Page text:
Sunday, February 19, 2012
Live, Living, Music
What stands out for this listener is how the compositions are so well-drawn, how the soloists work within the composer's challenging frameworks, how Bleckmann's voice (and sonic manipulations) rise above the ensemble often serving as an adjunct member of the reed section and, most of all, the conversations within the songs. No trumpet solos last night; still, the 4 trumpets were an integral part of each piece. Often, the "bottom" of the music belong to the trombones and Hilash's bass clarinet. The juxtaposition of Ben Kono's flute with the tenor work of Speed, clarinet of Viner, and soprano sax or English horn of Willis intrigued and pleased - there were several sections during which Bleckmann and Kono sang/played the same melody line. Wierenga's piano work was inaudible during the louder moments but, on the quieter pieces, was the important foundation and melodic voice. As for the leader, he is more than the "pulse" of the band, often involved in the musical dialogues as another voice, sometimes as the transition between sections, never overplaying.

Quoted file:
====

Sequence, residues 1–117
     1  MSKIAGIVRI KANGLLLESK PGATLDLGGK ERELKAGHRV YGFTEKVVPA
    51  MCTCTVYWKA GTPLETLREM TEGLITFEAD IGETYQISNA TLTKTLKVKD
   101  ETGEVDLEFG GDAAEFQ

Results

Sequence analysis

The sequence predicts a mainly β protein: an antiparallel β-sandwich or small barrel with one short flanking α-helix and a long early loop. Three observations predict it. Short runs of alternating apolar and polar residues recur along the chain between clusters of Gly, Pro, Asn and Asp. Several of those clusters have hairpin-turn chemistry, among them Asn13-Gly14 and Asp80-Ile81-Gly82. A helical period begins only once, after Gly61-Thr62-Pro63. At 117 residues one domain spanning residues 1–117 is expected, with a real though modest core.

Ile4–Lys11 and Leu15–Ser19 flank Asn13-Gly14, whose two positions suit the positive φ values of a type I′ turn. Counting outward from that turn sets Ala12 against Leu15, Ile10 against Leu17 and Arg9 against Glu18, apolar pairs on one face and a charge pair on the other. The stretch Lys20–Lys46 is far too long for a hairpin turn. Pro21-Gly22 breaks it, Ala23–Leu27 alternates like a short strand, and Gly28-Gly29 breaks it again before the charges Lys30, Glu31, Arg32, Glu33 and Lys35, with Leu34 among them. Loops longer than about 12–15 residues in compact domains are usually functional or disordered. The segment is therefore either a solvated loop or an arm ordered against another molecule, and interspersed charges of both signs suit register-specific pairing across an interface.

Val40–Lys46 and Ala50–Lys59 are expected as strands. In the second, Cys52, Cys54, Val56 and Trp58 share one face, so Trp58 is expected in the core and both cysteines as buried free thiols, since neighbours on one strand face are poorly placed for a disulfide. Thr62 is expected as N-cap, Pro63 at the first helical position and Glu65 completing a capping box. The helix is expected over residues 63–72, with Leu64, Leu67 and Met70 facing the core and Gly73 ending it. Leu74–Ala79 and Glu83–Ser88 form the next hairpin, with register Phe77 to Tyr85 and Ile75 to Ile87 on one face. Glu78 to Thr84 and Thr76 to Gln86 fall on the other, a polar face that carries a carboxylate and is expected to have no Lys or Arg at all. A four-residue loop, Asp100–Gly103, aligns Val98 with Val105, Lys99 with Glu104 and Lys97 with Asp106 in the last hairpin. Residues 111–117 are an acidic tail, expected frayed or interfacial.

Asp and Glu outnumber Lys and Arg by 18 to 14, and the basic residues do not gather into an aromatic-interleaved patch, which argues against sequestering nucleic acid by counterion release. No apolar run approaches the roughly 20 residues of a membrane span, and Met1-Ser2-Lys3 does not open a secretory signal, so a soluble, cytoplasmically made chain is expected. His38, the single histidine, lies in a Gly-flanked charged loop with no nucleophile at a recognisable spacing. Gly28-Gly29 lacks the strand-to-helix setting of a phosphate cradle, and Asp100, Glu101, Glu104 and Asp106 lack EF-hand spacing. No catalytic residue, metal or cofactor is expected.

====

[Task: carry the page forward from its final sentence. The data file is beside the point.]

As wonderful as this music is on CD, the pieces take on new life in person. Following the music as it moves through its various sections, as conductor Sanford cues the band or stands back for solos (he even crouched as Willis and Speed roared back and forth at each other, and as Bleckmann beautifully sang the words to "An Irish Blessing", the listener loses track of time and place. Music should transport us; often, it beats us down with volume or tricks us with insincerity. The John Hollenbeck Large Ensemble raised questions, pushed hard against any expectations, made me laugh, and touched my soul. Considering the size of the ensemble and the availability of the musicians (incredibly, 10 of the 18 musicians on stage were on the JHLE's 2005 debut CD), the group does not do many live shows. If you see a listing for them, do not hesitate to obtain tickets. For more information, go to www.johnhollenbeck.com.
earlmacdonald.com and find his fine blog at everupandonward.blogspot.com/.
Professor MacDonald is one of an excellent cadre of music educators who live and work in Connecticut. Western Connecticut State University has Jamie Begian, Southern Connecticut State University has David Chevan, Wesleyan University has Anthony Braxton and Jay Hoggard plus Noah Baerman while Yale has many fine classical and jazz people. Hartt School of Music, Connecticut College, Trinity, most, if not all, of these schools have impressive faculty.